“Despite our earnest efforts, we couldn’t climb all the way up to God. So what did God do? In an amazing act of condescension, God climbed down to us and became one with us.”

Will Willimon

In Christianity, the concept of divine condescension and accommodation is given its supreme form in the person and work of Jesus Christ. By becoming human, Jesus accommodates himself to the human condition. Through his life, teaching, and ministry, Christ speaks as G-d, communicating sufficiently and effectively to humanity.

The redemptive events of Christ – his incarnation, holy life, death, resurrection, ascension, and glorification – are divine acts of grace, mercy, and love to all humanity. Praise and thanksgiving are the appropriate responses to such events done on our behalf.

This is one reason why the spiritual practice of journaling is such a good personal discipline because we then have a record of the ways in which G-d has acted on our behalf. When we look back and remember, we can praise the Lord all over again for lifting us from the ash heap. And this will fortify our spiritual mettle for the times when we need encouragement.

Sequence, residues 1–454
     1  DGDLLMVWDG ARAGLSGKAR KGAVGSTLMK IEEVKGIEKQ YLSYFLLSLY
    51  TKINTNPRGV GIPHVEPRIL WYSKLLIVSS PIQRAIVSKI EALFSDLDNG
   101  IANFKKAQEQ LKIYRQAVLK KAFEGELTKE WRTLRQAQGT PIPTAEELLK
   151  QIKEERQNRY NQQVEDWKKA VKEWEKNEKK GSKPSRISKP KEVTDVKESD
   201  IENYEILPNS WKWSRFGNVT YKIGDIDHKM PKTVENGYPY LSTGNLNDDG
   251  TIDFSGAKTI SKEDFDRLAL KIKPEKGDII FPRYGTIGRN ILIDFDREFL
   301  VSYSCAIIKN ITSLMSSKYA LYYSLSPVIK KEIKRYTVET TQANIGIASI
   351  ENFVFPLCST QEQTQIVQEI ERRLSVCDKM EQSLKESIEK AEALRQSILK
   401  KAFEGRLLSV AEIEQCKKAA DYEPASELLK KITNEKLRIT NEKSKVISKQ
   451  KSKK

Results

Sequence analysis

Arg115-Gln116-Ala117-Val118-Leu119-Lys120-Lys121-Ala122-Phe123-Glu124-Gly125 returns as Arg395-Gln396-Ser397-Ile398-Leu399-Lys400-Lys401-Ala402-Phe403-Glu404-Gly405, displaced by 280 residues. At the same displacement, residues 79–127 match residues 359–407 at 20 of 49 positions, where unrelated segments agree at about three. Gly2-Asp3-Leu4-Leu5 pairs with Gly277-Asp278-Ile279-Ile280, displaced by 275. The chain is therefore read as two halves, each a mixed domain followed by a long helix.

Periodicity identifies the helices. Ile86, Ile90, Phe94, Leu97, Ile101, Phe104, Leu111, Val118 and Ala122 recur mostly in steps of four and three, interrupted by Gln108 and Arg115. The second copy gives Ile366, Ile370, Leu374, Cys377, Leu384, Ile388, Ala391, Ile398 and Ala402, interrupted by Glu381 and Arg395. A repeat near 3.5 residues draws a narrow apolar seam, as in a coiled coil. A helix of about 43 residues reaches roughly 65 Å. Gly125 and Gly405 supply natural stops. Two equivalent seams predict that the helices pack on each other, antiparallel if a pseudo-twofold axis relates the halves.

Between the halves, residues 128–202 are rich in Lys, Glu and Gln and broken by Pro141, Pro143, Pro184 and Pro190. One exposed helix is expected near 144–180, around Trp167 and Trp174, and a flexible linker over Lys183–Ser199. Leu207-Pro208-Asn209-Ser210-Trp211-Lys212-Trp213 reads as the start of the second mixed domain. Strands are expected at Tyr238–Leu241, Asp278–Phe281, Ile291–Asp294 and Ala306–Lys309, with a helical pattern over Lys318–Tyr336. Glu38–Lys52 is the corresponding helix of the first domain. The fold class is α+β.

Keeping a gratitude journal and writing each day about at least one way the Lord has acted on your behalf, can bring encouragement, transformation, and joy to your life. I suggest you write for your own eyes only. This is between you and G-d. Therefore, you need not be concerned for correct spelling and grammar. It doesn’t even need to be legible, as long as you can read your own writing!

“Praise is the rehearsal of our eternal song. By grace we learn to sing, and in glory we continue to sing. What will some of you do when you get to heaven, if you go on grumbling all the way? Do not hope to get to heaven in that style. But now begin to bless the name of the Lord.”

Charles Spurgeon